Transit agencies across the country are falling into lockstep with the MTA in demanding more federal funding to carry them through the COVID-19 crisis, primarily without digging into capital improvement reserves.
A Tuesday press conference drew leaders from San Francisco’s BART, Metropolitan Atlanta Rapid Transit Authority, NJ Transit and others said they have been pushing their respective congressional delegations to act on their behalf in future stimulus packages.
The MTA has now lost over 100 transit workers to coronavirus and ridership on the subways is down well over 90%. In contrast by numbers alone, NJ Transit has lost 9 employees to the virus, president Kevin Corbett said.
“At the MTA, we’re calling on Congress to provide additional funding of $3.9 billion in addition to the funding received from the CARES Act just the cover the COVID-19 operating deficit at the MTA in 2020, and a total of $10.4 billion to cover the project the projected revenue declines in both 2020 and 2021,” MTA Chair Pat Foye said. “All of our agencies need additional funding streams distributed not by the same old formulas but based on needs stemming from this unprecedented health crisis.”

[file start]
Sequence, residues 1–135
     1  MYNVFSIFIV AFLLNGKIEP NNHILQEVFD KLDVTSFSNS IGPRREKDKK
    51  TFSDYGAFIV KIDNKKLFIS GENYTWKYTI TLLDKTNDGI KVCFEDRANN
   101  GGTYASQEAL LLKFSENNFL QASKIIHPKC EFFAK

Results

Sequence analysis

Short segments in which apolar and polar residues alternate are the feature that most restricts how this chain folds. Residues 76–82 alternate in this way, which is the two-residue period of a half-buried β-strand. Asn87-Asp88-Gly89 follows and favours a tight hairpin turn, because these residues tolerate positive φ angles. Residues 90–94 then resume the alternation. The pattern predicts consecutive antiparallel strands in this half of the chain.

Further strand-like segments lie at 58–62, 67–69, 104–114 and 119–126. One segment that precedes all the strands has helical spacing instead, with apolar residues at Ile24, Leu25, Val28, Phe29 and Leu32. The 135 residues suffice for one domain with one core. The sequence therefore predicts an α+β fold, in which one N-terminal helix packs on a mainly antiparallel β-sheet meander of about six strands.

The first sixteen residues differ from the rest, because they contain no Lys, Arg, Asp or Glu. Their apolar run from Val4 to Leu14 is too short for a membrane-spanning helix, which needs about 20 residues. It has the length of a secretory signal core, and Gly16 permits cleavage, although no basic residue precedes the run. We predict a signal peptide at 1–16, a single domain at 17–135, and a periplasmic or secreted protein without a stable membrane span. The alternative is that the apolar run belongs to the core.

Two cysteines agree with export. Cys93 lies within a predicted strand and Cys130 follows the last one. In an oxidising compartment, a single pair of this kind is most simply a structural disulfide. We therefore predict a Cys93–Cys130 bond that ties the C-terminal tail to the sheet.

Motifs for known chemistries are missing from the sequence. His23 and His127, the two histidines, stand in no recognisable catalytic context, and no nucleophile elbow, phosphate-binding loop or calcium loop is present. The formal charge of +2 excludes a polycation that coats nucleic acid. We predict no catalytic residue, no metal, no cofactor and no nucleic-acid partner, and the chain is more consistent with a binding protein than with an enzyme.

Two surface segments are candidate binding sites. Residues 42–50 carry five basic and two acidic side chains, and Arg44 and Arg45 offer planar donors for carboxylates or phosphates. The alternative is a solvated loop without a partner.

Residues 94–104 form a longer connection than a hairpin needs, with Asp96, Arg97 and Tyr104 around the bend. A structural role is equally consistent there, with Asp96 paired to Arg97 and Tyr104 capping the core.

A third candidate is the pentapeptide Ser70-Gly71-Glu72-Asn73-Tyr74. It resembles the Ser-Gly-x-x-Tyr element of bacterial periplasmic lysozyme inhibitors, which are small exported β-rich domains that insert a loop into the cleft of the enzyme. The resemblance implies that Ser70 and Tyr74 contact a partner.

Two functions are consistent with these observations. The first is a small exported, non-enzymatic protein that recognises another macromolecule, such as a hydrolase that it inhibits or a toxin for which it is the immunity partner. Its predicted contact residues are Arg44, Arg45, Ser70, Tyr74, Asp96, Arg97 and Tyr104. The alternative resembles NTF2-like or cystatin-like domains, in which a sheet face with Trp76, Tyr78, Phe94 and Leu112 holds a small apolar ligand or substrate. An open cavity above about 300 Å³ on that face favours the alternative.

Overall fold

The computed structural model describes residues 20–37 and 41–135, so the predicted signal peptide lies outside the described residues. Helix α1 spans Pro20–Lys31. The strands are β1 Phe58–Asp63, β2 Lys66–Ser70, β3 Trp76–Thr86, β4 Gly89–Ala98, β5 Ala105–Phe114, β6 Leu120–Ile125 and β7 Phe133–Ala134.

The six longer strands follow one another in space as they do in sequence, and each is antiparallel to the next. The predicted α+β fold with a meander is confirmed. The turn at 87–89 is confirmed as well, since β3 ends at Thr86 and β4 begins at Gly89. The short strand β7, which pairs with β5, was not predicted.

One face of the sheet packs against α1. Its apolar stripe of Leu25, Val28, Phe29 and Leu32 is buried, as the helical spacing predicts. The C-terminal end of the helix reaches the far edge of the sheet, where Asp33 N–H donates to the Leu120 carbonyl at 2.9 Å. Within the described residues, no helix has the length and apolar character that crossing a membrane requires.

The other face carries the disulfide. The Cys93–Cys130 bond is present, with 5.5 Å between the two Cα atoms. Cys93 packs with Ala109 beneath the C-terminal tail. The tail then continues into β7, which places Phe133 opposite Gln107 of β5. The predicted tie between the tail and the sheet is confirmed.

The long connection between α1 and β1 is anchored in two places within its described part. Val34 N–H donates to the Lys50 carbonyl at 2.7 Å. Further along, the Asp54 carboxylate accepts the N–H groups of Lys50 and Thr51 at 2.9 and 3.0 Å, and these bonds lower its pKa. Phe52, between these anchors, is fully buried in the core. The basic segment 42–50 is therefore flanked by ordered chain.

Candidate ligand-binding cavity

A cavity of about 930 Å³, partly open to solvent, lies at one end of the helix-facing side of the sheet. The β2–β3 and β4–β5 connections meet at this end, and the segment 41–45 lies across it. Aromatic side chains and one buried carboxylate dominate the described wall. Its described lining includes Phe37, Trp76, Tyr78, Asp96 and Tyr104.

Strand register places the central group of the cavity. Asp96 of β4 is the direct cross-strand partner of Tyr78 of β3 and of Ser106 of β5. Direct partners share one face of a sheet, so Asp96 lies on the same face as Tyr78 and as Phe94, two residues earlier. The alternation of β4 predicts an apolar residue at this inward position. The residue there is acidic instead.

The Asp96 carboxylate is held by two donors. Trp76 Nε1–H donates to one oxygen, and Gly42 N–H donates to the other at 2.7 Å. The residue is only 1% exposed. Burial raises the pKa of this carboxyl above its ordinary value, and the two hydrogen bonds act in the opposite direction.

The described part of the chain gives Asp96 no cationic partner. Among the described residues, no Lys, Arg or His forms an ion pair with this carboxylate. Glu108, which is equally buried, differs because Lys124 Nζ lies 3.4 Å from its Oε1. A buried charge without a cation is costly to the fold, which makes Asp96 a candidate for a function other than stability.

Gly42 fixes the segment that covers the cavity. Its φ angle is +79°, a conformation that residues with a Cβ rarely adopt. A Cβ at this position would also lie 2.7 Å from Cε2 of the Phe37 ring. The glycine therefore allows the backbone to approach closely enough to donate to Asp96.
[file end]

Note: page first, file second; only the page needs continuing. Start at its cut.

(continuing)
Bob Powers, General Manager of BART, said the agency he leads is in similar peril with ridership only 7 percent of what it was in February and facing $600 million in the budget deficit, something increased ridership is not going to be able to cover.
While, according to Foye, the MTA’s borrowing has increased “significantly” since the pandemic took hold, he said it was not feasible in the long-run to dig into the capital funding secured to modernize and maintain the system.
“The crisis has brought into extreme clarity the national significance of public transit. It’s also brought into extreme clarity that public transit is the circulatory system of the fightback against COVID-19,” Transport Workers Union International President John Samuelsen said. “Certainly the U.S. government has bailed out Wall Street in the midst of many crises.”
As part of the Transformation Plan, the MTA had planned 2,700 layoffs. But according to Foye, no additional layoffs are in the works as the transit workers continue to suffer disproportionately from COVID-19.
Earlier in the pandemic, the MTA was able to maintain full service with no cutbacks. But after thousands of workers fell ill or went into quarantine, the agency cut service by 30% as Foye describe problems finding enough staff to operate trains.
But the MTA began a new chapter in their fight against COVID-19 last week as, for the first time in the 115 year history of the subways, service has been suspended between 1 a.m. and 5 a.m. for deep cleaning of stations and trains.